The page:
Mixing animation with live-action, the bombastic with the banal, "Son of Zorn," getting a post-football preview Sunday on Fox before its official premiere Sept. 25, is "Who Framed Roger Rabbit" with swords and dismemberment. Or the scene in "Ancors Aweigh" where Jerry the Mouse dances with Gene Kelly … with swords and dismemberment.
Zorn (voiced by Jason Sudeikis) is a muscular barbarian in the Thundarr/Conan mode who comes to California from the "island nation of Zephyria" — a cartoon kingdom rendered in 1980s Saturday-morning style — to celebrate the 17th birthday of his non-animated son, Alan (Johnny Pemberton), given name Alangulon. A title card in the old Hanna-Barbera style introduces the pilot, "Return to Orange County."
"Did you get bangs?" asks his ex-wife Edie (Cheryl Hines), greeting him at her door.
"I'm still getting used to them," says Zorn. “They just started to cover a forehead wound, and then I was like, what the hell, it's summer."
Edie, who has cut Zorn from their old family photos, has a new fiancé, Craig, played by Tim Meadows in what film theoreticians and anyone who has seen five old screwball comedies will recognize as the Ralph Bellamy role, a character designed to pale in comparison to the hero. (Craig will stick around, probably, some nominal obstacle needed between Zorn and Edie, whom Zorn notices noticing his quadriceps — he is mostly naked.)
Without conviction, Edie describes her current "fun life”: "We have an avocado tree," she tells Zorn, who reminds her of their wild old days, including a "fivesome with mountain trolls."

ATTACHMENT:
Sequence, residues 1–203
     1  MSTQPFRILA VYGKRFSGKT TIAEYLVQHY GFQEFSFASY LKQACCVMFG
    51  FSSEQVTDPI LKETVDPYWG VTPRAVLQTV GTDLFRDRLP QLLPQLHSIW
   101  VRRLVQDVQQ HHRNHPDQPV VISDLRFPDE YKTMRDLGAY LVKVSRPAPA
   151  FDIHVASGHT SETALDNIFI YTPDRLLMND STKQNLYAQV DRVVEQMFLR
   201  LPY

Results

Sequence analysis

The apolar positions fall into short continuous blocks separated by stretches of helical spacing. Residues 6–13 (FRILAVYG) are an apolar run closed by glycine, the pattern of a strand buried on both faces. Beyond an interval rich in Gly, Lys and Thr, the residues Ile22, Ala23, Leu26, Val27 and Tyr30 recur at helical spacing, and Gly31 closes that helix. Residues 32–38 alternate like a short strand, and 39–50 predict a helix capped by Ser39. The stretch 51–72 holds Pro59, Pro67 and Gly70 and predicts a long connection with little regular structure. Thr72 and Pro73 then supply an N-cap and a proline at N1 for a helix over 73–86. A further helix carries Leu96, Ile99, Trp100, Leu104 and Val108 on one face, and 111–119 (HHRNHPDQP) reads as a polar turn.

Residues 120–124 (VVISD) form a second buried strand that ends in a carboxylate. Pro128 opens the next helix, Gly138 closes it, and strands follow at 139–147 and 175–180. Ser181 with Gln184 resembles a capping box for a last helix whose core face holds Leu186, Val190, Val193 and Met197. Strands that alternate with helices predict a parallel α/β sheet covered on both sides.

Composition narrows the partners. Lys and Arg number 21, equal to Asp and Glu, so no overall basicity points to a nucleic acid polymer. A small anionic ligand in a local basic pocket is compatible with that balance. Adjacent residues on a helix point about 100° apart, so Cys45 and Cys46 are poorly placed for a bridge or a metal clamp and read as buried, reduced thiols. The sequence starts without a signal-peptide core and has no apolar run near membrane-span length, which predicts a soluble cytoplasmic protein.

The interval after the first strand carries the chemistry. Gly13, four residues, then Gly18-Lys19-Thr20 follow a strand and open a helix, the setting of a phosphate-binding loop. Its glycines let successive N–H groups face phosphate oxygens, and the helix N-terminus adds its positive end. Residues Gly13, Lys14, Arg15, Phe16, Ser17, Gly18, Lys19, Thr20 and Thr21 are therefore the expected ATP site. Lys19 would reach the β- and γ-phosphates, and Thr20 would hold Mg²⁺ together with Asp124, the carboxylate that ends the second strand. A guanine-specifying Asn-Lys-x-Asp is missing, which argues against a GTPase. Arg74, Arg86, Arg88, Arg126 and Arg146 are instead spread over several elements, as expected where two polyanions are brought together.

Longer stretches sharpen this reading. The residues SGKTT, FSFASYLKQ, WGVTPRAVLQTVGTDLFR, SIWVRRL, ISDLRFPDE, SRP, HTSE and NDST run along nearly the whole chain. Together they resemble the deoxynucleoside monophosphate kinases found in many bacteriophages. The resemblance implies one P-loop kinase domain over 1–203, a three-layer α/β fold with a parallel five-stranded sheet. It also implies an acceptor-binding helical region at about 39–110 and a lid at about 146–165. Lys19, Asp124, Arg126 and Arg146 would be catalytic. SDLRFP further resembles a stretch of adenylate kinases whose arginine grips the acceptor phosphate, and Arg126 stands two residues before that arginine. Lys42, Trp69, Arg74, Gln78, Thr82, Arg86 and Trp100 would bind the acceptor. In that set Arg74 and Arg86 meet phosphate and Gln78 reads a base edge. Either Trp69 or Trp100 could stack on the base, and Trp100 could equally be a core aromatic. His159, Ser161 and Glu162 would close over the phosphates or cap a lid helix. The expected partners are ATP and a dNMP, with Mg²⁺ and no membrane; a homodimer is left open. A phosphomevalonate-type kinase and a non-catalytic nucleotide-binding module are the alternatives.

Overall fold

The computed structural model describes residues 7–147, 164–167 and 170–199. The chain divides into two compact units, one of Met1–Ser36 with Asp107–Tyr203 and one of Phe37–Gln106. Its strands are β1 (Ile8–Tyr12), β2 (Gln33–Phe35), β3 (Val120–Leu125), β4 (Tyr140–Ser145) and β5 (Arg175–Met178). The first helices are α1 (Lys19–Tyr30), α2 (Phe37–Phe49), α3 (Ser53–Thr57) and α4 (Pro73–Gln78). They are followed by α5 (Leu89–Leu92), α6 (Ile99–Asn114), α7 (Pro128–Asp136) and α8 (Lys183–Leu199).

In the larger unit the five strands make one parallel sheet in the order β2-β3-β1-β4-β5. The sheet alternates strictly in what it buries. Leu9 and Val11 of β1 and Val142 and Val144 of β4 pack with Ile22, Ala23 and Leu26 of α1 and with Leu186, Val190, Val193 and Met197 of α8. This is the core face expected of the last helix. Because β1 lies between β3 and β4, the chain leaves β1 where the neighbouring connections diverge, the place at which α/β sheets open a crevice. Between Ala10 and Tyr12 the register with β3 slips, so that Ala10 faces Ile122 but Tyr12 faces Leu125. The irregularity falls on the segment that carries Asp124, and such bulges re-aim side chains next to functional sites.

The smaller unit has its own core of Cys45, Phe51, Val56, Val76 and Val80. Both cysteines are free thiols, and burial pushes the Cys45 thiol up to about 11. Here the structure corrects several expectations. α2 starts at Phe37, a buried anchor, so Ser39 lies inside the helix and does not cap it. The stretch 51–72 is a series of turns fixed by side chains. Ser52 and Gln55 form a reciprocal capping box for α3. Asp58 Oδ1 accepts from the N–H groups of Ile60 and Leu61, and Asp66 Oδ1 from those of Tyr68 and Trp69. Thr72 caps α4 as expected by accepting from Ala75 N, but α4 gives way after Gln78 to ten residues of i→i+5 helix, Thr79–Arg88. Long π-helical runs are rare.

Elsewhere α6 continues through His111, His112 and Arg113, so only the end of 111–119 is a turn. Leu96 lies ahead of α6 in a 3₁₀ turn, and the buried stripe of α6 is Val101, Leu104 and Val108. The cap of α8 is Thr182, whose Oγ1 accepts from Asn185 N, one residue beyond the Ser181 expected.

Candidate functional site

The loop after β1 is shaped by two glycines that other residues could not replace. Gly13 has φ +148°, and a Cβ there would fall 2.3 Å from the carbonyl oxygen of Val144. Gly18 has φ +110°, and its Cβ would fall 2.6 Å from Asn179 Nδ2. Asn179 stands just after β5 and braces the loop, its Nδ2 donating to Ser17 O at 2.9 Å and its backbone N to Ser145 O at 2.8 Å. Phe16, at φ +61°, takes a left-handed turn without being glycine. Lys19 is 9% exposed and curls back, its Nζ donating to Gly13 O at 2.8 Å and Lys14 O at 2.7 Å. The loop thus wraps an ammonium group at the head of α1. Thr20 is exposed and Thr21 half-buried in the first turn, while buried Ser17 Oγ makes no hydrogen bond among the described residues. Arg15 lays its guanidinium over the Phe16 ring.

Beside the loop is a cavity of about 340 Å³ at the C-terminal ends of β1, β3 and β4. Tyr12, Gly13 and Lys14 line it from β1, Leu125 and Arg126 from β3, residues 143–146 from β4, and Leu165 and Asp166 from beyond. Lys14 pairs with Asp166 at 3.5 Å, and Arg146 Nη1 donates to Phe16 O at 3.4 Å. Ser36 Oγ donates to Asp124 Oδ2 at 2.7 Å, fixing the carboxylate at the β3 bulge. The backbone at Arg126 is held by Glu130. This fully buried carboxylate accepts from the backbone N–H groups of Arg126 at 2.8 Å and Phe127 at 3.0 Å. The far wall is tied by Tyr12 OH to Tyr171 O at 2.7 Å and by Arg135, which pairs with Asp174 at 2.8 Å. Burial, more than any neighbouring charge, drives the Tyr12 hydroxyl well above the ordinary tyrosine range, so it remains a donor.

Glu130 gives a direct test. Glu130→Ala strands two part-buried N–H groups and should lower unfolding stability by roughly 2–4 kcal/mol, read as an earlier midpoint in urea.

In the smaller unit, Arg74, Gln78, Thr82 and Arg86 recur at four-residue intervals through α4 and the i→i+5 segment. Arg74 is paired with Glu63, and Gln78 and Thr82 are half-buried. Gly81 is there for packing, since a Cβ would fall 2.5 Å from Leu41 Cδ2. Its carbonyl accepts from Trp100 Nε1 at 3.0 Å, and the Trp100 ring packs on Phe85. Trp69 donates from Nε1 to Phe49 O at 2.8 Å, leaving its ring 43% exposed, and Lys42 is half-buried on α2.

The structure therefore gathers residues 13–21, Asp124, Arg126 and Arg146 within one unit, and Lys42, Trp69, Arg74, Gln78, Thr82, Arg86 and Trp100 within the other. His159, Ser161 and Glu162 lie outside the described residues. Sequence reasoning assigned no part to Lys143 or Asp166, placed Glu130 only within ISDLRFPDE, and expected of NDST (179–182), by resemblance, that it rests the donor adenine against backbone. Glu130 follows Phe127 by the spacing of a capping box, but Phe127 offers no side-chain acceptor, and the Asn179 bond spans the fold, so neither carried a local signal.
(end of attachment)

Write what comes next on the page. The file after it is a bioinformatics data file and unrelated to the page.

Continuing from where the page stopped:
"That was the old me," she replies and goes to make hummus.
This mash-up of clashing worlds and ways, folding the extraordinary into the everyday — Zorn has a sword, but he also has a cellphone — is, to be sure, something of a formula. You can sum it up in the phrase "Superman does his laundry." But it's a good formula — or one I find reliably delightful, at least — the theoretical foundation of the Adult Swim, running back to "Space Ghost Coast to Coast" and "Harvey Birdman, Attorney at Law," whose aesthetic "Son of Zorn" borrows, while leaving out most of the anomie, despair and disgust. It’s realized here with dry, casual aplomb that underscores the weirdness and intensifies the humor.
Convinced by Edie that he has to move to California for Alan’s good and his own, Zorn applies for a straight job, selling "industrial level soap dispensers.” ("I managed a whole team of mutilators," he notes hopefully in his interview, "by myself.") He believes his new boss, played by Artemis Pebdani, because she is his superior, is a man.
As created by Phil Lord and Christopher Miller, who wrote and directed "The Lego Movie," it is sweet and aspirational and heartfelt, though not so sweet or aspirational or heartfelt as to smother its baser urges. Zorn may miss the battlefields of Zephyria, but he wants more to connect with his son, who — though they find each other mutually disappointing, too barbaric for one, insufficiently barbaric for the other — also wants to connect with him.
It’s an old story in a new loincloth. But it works.
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‘Son of Zorn’
When: 8 p.m. Sunday
Rating: TV-14-DLV (may be unsuitable for children under the age of 14 with advisories for suggestive dialogue, coarse language and violence)
Copyright © 2016, Los Angeles TimesCheryl Hines Jason Sudeikis